Thursday, September 20, 2007

Breached Space

Let me now propose to you an unconventional idea: that one of the central elements of eroticism is that of breached space. That it is the threat of invaded personal space that spices up so many erotic thrillers as well as much of the adventure pulps. Robert Scholes, in his comprehensive essay Science Fiction: History, Science, Vision (with Eric Rabkin, 1977) has counted as many as seventy-four attempted rapes in the Tarzan novels of Edgar Rice Burroughs. Obviously, it would not do to have the main heroine being effectively raped in a bunch of novels read by kids (although one can ask how many interior fires that menace have started), but it isn’t less true that it is precisely the implied menace that is so thrilling and exciting.

And one of the most effective ways to convey that menace is through the breaching of personal space. One does so in one of two instances: when one as a relation of affection with the person whose personal space is being invaded or shared (family, friends, a lover); and when exerting an act of aggression (when you have to literally step over the virtual line separating personal spaces). It can be argued that the breaching of the heroine’s personal space as a mean of sexual thrilling has much to do with the so-called phallocracy that purports the heroine as “territory” of the hero, thus making that invasion one of the personal space of the hero. But that doesn’t hold water in the cases of independent heroines such as Red Sonja, Supergirl, Wonder Woman, Modesty Blaise, Brigitte Monfort, Ginger and so on, so I won’t consider it here.

One of the most exciting examples of breached space in pulp or erotic thrillers is that of the undercover heroine that must get inside a) a strip club b) a prostitution or white slavery ring c) any other similar situation where her maidenhood is in danger (and I say maidenhood not as a literal concept). Considerer Miss Temple in The Glass Books of the Dream Eaters (2006), Athena Massey in The Unspeakable (1996) or the young and naïve Clara in the most erotic novel of all times The Devil’s Advocate (1942).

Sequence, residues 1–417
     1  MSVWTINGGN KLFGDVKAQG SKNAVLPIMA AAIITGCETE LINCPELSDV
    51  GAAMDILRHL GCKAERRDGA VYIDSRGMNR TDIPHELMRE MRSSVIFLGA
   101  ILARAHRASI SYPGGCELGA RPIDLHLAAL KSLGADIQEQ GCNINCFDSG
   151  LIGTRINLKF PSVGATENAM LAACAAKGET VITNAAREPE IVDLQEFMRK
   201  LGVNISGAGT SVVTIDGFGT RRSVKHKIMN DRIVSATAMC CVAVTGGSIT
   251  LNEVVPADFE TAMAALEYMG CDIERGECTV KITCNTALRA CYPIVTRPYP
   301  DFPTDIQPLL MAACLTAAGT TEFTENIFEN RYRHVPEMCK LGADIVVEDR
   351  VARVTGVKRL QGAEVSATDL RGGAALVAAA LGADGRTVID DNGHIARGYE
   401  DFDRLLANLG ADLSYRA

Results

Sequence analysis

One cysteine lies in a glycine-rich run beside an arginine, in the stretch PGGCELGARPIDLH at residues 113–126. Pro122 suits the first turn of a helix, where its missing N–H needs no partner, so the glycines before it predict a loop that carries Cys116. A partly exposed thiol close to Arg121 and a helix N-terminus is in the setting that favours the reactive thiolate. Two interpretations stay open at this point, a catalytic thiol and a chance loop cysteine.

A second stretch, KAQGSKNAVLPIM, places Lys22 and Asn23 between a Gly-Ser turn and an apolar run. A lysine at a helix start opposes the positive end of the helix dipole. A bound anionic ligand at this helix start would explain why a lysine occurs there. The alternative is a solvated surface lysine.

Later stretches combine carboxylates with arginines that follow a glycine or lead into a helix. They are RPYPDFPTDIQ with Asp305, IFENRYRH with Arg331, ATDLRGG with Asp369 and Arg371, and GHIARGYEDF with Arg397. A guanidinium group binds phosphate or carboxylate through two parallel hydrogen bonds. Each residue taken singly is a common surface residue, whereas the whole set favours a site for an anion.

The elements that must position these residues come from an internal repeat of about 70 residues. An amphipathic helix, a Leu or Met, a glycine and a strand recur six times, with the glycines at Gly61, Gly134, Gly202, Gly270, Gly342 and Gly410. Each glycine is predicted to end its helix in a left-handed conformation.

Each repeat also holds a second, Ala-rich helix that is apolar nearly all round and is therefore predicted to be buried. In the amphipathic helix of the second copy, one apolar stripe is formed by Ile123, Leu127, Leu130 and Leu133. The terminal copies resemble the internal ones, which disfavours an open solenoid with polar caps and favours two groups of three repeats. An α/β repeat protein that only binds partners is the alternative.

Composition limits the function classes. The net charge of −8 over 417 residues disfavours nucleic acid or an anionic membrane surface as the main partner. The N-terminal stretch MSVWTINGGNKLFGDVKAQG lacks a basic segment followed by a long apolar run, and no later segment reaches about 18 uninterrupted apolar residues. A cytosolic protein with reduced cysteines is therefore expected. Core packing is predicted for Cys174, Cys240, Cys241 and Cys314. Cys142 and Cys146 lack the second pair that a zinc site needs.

In each of these cases the heroine has to infiltrate an inimical space, knowing that she may have to pay the correspondent cost of such invasion in terms of bodily currency. In the three examples above, Miss Temple (a Victorian maiden) escapes with her virginity intact, although she feels her fire stoked and is almost raped; Athena Massey is a cop, not a virgin, and must demean herself by stripping naked on the pole (her space is breached with the eyes); while Clara, almost a child in sexual matters, is progressively immersed in a web of depravation that will subject her to vaginal, oral and anal sex (and “between my breasts too”) in order to discover whatever happened to her sister Rita.

And, in each instance, whenever the personal space is breached, we know we’ll have: a) sex (the heroine will be raped or will have to forcefully consent to sexual advances); b) violence (the heroine will fight the assailant or the “hero” or some outside force will intervene).
It’s in those moments that precede the breaching, that stretch the undefined boundary between spaces, between force and consent, that we find the most sublime eroticism.


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